David lay in bed, his heart pounding in his chest. All else was quiet and he could feel the thumping through his body. It scared him.
Earlier that day, his mother had told him about inviting Jesus into his heart and he could think of nothing else. It scared him.
How was Jesus going to fit inside of his heart? His heart was so small and Jesus was so big, as big as the universe. Wouldn’t Jesus going inside of his heart cause it to explode?
His heart thumped and he was scared.
When my friend told me that story, I laughed. But then it caused me to ask myself a question:
Do we invite Jesus into our hearts or does he invite us into his?
A whopping 164 times in Paul’s New Testament letters, he refers to us as being “in Christ.” In contrast, far less often is Christ referred to as in us (though his Spirit does take up residence in us). If there is an emphasized motion, it’s us into Christ more than Christ into us. We are the invited, the chosen, the called, the baptized, the clothed, the adopted, the known, the named. All of which has a Christ-ward direction.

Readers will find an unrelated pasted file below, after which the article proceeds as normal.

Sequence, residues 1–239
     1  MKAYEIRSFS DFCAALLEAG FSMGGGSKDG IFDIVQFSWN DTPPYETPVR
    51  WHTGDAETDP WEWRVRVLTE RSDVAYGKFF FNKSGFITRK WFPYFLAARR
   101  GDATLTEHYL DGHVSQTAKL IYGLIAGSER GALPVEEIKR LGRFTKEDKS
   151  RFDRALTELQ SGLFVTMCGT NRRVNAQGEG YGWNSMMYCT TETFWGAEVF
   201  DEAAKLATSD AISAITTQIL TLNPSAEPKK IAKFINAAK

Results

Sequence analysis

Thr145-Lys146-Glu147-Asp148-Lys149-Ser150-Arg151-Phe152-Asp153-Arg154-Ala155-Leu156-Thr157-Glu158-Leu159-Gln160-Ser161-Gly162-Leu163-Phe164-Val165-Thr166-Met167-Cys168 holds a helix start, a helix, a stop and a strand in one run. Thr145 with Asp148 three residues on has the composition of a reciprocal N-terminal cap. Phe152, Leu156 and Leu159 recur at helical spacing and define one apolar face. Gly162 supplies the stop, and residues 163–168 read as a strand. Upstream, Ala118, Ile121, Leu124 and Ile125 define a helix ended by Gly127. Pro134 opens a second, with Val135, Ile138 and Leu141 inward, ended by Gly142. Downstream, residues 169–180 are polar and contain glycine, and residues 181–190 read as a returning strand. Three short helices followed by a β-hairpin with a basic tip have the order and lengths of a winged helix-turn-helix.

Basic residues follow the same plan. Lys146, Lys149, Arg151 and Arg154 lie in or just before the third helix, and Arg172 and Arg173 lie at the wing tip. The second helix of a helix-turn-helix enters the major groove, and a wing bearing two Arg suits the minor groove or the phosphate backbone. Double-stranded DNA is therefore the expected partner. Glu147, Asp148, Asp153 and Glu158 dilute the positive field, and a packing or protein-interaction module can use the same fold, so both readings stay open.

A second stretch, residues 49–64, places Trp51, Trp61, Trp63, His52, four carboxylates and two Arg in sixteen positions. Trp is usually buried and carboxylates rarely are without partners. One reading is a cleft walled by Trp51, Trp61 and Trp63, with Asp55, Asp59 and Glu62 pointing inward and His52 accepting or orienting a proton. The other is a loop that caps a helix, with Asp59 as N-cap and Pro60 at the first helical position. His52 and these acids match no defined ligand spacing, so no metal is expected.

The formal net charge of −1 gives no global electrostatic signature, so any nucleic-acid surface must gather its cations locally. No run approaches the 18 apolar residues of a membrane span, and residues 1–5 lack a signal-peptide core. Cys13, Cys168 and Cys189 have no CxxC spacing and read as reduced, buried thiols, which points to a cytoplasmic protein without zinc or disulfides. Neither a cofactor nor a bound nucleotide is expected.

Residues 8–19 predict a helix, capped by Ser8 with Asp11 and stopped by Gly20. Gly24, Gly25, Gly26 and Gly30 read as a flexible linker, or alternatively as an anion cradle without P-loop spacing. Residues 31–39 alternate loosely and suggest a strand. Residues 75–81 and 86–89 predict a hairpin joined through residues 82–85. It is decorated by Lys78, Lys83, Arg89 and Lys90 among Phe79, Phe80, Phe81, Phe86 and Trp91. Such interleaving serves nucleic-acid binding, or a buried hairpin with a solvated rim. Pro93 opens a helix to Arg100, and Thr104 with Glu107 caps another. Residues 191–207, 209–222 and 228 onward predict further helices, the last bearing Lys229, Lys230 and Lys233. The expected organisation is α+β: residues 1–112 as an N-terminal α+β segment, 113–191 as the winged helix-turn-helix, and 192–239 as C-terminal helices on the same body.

We are the ship and Jesus is the sea.
When the sea enters the ship, it overwhelms it, sinks it. But when the ship enters the sea, it enters into something larger than itself, it embarks on an adventure. When the sea enters the ship, there is room for nothing and no one else. But when the ship enters the sea, there is room for many more ships, many more people, many more creatures large and small.
We can hold a thimble-full of him. But he can hold all of us, all of the world.
When we answer Jesus’ invitation to enter into his heart, we enter into the wideness of God’s love. We enter into the spaciousness of salvation. And we discover that there is room for not just us, but for others as well. As the invited-in, we become inviters of others to join us in the heart of our Lord. This is where we dwell. And this is where we long for others to dwell with us, for this is what we were all made for.
This is our home.